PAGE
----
Some time ago I wrote a post about how COUNT(*) and COUNT(column) are semantically different things (link). Such queries may return different results if the column counted has NULLs in it. And the difference comes from that NULL is not a value, it’s rather a state which says “value unknown” or “no value entered”.
So, you better understand how NULLs interact with your SQL constructs if you call yourself a DBA or a database developer ;-)
Here’s another example about how misunderstanding NULLs may cause your application to return different results than what was intended.
I will create a little table with TWO rows in it:
SQL> create table t(a int);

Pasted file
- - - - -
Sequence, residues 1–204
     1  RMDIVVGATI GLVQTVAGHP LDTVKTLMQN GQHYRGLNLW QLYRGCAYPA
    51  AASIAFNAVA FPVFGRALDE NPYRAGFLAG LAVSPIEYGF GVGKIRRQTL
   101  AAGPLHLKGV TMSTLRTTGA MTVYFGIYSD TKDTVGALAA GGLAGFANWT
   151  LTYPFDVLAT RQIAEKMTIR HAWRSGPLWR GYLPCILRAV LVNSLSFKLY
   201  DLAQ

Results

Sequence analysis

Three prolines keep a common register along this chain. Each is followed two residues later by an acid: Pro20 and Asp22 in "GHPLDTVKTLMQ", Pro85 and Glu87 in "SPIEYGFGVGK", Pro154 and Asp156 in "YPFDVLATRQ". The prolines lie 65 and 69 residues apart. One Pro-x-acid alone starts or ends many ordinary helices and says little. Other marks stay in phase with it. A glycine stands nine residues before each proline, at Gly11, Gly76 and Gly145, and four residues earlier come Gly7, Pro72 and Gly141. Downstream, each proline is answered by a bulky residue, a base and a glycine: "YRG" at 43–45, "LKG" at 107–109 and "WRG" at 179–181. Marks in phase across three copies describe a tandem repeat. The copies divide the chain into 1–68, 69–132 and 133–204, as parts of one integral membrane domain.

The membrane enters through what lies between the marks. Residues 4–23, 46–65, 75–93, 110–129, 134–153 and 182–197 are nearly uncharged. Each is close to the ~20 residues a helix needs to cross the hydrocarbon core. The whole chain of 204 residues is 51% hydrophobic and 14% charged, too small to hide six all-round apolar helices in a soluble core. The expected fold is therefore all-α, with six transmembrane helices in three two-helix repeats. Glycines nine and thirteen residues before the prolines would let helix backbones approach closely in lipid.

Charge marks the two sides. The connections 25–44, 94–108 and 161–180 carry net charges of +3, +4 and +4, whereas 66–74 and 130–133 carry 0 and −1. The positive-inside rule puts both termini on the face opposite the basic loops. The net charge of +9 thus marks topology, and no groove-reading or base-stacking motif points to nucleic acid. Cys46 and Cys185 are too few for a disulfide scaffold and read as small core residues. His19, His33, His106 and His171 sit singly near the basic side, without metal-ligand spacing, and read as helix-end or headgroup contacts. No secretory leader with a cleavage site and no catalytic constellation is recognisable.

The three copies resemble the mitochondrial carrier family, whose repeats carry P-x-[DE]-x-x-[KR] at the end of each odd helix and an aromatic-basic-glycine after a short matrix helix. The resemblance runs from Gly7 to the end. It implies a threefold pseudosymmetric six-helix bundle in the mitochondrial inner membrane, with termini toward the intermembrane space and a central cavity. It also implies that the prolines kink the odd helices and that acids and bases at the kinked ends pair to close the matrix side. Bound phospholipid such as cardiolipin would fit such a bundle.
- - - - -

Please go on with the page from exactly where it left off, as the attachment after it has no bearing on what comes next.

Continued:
Table created. SQL> insert into t values(1); 1 row created. SQL> insert into t values(null); 1 row created. SQL> select avg(a) from t; AVG(A) ---------- 1
When I take an average of the 2 values in these rows I get average of 1.
Now lets update the NULL (no value) to 0 (an actual value of zero).
SQL> update t set a=0 where a is null; 1 row updated. SQL> select avg(a) from t; AVG(A) ---------- .5
As you see, as we now have an actual value in the other row (as opposed to “no value”), the AVG function takes that zero into account.
Hopefully this illustrates once more that NULL does not mean zero or any other value, it means NO value. If you do aggregation functions (count,avg) over NULLs then you must understand that Oracle treats NULLs as no value and doesn’t account these “no values”, thus your queries may behave differently than what your intuition might say (and yes its always good to read documentation about what exactly a given SQL construction/function does in the given database engine instead of relying on “common sense”).